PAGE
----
Monthly Archives: December 2012

Using HttpClient with SSL/TLS-based client side authentication

The HttpClient is a the new class for making HTTP requests and receiving the associated HTTP responses, introduced in the 4.5 version of .NET. In a previous post  – The new .NET HttpClient class – we described its the core concepts and architecture. One of the main takeaways was the concept of client handler, which is just a message handler responsible for delivering the HTTP messages to the network stack and receiving the responses from it. Typically, the client handler will be at the end of the message handler pipeline used by the client.

The current’s post goal is to describe how to configure this new HTTP client class with client-side authentication based on the TLS (Transport Layer Security) protocol.

The HttpClient class does not contain any configuration properties or methods related to TLS. This is because the HttpClient class is independent of the used HTTP message transport mechanism. Namely, it is even possible to connect a HttpClient directly to an HttpServer instance, without any network intervention, as described in another post.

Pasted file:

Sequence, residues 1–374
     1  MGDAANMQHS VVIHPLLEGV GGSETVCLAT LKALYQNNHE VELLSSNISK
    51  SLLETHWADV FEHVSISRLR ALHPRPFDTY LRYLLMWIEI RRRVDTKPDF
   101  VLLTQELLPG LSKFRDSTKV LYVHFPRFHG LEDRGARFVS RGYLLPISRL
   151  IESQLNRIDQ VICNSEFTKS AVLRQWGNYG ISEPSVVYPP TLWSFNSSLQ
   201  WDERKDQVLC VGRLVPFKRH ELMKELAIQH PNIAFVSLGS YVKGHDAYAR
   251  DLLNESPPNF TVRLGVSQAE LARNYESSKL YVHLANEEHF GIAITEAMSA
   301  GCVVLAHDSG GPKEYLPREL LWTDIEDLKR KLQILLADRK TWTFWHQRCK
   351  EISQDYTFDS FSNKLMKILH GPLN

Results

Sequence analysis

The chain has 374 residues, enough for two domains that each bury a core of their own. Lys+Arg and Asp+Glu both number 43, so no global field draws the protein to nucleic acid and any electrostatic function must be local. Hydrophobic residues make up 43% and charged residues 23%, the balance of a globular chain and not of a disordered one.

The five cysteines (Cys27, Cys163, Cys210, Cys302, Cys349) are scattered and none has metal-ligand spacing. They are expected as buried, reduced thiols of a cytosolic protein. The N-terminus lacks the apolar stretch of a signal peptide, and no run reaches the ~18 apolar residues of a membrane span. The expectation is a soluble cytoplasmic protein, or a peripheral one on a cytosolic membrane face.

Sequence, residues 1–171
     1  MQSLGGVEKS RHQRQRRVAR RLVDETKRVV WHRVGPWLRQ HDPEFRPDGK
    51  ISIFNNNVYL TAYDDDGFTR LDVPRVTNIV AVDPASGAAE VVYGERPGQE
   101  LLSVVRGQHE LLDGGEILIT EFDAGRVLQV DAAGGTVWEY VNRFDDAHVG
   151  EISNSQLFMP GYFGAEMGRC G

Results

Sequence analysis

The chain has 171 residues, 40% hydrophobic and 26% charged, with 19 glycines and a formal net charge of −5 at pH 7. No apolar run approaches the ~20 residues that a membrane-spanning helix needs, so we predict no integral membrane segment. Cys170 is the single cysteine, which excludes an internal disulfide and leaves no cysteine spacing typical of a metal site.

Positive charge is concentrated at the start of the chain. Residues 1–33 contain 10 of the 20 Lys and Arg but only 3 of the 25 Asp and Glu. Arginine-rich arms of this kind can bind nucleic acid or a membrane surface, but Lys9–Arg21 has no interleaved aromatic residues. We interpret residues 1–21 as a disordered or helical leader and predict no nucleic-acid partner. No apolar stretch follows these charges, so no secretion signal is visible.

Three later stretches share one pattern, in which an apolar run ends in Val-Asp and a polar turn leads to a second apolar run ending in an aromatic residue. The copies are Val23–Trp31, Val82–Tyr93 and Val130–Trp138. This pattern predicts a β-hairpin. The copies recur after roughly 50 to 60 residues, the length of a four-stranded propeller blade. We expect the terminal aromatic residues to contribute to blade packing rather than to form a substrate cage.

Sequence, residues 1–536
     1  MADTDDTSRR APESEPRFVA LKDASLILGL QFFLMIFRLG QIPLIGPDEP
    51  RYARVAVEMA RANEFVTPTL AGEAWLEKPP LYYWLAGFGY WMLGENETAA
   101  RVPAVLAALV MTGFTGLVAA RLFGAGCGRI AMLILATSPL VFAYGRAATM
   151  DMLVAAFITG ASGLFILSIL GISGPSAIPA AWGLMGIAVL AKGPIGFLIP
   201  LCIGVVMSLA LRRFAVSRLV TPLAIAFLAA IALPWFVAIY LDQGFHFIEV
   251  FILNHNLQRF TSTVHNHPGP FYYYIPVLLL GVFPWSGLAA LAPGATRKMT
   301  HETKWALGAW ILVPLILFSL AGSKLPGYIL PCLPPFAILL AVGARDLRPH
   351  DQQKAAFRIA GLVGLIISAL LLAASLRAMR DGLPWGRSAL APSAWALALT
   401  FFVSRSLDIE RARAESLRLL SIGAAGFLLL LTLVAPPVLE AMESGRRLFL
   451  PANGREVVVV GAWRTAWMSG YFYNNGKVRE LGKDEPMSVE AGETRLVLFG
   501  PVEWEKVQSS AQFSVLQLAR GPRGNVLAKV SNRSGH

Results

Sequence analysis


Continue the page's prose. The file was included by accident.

Instead, the TLS configuration requires dealing directly with one of the available client handlers presented in the previous post : HttpClientHandler and WebRequestHandler.

The first option is to explicitly configure the HttpClient with a HttpClientHandler instance, containing its ClientCertificateOptions property set to Automatic.

The resulting HttpClient can then be used normally: if during a connection handshake the server requires the client certificate, the HttpClientHandler instance will automatically select a compatible client certificate for the user’s personal certificate store.

var client = new HttpClient(

 new HttpClientHandler{
   ClientCertificateOptions = ClientCertificateOption.Automatic
 });
// ...

This option is the only one available for Windows Store applications.

For classical scenarios (e.g. console, WinForms or WPF applications) there is a second option using the WebRequestHandler, which provides more control over the configuration.

var clientHandler = new WebRequestHandler()
clientHandler.ClientCertificates.Add(cert);
var client = new HttpClient(clientHandler)

where cert is a X509Certificate2 instance representing the client certificate.
This instance can be constructed directly from a PFX file or obtained from a Windows certificate store

X509Store store = null;
try
{
  store = new X509Store(StoreName.My, StoreLocation.CurrentUser);
  store.Open(OpenFlags.OpenExistingOnly | OpenFlags.ReadOnly);
  // select the certificate from store.Certificates ...
}
finally
{
  if(store != null) store.Close();
}

And that’s it. Hope it helps.